The two sides were expected to sign the deal by Thursday morning, a league source told ESPN.
"Our officials will be back on the field starting tomorrow night" for the Cleveland-Baltimore game, Commissioner Roger Goodell said. "We appreciate the commitment of the NFLRA in working through the issues to reach this important agreement."
The two sides concluded two days of talks with the announcement of a tentative eight-year deal, which must be ratified by 51 percent of the union's 121 members. They plan to vote Friday.
The agreement brings to an end three weeks of play with the replacement refs, who triggering a wave of frustration that threatened to disrupt the rest of the season. In particular was a missed call that cost the Green Bay Packers a win on a chaotic final play at Seattle on Monday night. The closest official to the play, at the back of the end zone, signaled for the clock to stop, while another official at the sideline ran in and then signaled touchdown.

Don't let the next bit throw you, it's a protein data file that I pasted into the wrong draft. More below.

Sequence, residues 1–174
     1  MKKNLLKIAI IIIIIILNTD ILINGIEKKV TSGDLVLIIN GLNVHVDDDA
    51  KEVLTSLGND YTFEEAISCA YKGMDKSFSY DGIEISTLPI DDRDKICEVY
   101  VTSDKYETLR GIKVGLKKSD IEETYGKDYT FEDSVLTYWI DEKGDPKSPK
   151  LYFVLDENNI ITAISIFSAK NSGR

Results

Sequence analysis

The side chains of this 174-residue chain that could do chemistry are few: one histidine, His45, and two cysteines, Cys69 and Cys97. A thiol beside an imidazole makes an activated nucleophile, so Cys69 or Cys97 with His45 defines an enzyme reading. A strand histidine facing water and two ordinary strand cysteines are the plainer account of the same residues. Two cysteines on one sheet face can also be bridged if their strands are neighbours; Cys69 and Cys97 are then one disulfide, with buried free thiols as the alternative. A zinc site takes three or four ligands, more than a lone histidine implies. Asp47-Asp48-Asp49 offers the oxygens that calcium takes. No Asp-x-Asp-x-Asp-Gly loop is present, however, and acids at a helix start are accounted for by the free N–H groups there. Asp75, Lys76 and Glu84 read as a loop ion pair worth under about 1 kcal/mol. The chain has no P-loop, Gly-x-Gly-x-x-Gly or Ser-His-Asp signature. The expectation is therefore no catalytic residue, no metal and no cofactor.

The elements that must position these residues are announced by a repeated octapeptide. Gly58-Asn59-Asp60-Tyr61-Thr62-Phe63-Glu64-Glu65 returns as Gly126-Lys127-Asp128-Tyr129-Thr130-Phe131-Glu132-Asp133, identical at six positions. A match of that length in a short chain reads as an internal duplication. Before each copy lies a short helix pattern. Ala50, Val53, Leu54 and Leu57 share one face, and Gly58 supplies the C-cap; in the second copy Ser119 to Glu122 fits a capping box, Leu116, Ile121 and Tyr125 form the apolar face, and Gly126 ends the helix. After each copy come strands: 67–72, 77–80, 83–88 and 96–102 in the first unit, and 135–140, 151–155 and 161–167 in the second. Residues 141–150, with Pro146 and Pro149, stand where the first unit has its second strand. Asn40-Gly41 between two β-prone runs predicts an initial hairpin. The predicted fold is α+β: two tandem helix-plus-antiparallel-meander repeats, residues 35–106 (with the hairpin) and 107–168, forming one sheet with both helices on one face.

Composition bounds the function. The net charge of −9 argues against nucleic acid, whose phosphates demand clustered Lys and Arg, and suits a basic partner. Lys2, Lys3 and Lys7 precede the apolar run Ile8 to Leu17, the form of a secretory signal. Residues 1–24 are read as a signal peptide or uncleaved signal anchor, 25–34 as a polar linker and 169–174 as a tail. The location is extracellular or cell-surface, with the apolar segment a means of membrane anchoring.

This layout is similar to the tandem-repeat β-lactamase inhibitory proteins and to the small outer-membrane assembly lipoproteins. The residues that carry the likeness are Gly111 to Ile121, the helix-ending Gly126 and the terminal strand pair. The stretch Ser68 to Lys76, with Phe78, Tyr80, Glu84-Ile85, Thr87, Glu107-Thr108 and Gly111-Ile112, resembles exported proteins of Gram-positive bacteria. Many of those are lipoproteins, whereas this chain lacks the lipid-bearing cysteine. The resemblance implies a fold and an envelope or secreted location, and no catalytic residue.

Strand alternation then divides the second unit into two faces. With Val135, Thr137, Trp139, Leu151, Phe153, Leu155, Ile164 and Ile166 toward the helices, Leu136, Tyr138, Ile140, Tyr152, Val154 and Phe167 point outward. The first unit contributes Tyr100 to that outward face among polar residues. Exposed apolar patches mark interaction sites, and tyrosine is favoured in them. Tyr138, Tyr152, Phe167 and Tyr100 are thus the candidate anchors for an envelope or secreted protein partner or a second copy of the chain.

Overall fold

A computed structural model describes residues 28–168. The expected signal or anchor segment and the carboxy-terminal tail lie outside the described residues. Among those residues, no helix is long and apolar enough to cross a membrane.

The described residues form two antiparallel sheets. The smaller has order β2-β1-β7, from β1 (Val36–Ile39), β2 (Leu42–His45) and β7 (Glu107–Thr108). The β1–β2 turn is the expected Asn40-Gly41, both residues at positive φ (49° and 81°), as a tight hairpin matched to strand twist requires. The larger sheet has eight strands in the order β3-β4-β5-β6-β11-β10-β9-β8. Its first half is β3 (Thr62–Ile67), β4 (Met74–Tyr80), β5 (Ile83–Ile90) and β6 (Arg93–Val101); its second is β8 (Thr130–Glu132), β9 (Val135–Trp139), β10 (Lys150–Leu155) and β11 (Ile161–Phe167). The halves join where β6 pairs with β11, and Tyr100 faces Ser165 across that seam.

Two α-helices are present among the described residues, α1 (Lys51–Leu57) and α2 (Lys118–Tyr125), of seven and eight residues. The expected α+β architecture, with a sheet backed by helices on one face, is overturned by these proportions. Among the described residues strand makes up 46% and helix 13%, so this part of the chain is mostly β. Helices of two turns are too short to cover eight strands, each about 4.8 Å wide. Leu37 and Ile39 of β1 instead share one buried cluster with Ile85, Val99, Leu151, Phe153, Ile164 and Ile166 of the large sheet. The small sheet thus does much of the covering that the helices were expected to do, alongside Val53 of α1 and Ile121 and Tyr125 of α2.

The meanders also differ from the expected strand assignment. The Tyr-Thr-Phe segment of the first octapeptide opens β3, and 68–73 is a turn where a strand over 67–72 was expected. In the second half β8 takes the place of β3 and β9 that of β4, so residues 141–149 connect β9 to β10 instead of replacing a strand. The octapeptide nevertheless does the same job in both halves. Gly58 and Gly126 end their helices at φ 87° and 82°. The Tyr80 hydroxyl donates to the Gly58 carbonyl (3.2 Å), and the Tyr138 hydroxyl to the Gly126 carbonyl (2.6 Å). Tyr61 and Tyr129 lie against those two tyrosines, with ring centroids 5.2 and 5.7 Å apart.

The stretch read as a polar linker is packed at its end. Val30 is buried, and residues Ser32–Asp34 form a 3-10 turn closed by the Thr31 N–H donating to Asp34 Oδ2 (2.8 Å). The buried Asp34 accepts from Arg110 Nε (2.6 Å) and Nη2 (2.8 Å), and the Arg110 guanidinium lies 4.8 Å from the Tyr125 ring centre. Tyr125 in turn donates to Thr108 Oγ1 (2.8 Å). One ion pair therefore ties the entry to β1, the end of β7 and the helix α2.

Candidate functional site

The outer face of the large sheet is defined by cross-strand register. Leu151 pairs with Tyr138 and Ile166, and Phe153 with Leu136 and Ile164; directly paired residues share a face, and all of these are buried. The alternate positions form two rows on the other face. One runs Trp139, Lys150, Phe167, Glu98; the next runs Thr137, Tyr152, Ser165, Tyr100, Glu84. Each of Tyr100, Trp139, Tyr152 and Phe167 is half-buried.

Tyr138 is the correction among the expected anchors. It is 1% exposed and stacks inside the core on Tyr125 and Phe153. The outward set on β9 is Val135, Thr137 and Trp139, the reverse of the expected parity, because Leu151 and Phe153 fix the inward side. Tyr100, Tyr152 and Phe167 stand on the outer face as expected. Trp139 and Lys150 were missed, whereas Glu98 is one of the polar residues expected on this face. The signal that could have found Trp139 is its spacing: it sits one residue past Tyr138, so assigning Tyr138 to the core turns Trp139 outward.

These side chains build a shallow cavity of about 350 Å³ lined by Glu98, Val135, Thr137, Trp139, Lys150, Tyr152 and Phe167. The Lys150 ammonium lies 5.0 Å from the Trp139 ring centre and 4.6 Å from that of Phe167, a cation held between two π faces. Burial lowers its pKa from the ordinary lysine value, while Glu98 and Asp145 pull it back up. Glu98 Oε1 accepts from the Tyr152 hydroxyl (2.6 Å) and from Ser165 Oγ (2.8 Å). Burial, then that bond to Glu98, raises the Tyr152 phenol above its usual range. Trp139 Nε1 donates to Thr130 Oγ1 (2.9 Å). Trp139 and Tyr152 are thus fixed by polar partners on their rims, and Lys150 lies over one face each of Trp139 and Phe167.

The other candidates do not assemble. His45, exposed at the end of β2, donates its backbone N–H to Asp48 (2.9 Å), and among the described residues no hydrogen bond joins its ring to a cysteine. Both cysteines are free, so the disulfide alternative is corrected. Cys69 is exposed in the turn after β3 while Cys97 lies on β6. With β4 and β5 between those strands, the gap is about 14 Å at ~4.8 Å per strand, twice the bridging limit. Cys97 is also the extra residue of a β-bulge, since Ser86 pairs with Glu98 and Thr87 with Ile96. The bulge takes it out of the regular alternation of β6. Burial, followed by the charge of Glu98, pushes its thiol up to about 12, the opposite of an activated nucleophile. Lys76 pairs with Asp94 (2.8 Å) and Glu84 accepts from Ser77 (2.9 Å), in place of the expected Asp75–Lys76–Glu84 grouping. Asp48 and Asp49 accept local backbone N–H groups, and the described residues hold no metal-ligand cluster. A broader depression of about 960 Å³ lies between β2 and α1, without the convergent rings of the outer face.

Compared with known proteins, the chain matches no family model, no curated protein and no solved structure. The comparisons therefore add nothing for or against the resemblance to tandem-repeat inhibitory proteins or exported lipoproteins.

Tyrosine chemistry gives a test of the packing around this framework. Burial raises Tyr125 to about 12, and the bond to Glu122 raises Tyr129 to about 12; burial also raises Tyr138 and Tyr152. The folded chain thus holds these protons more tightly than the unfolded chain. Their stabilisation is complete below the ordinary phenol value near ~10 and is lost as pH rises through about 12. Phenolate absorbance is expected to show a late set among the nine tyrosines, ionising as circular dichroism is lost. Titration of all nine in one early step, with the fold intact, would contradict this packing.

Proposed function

The union was seeking improved salaries, retirement benefits and other logistical issues for the part-time officials. The NFL has proposed a pension freeze and a higher 401(k) match, and it wants to hire 21 more officials to improve the quality of officiating.
The union has fought that, fearing it could lead to a loss of jobs for some of the current officials, as well as a reduction in overall compensation.
"The long-term future of our game requires that we seek improvement in every area, including officiating," Goodell said in a statement. "This agreement supports long-term reforms that will make officiating better. The teams, players and fans want and deserve both consistency and quality in officiating."
ESPN and the Associated Press contributed to this report.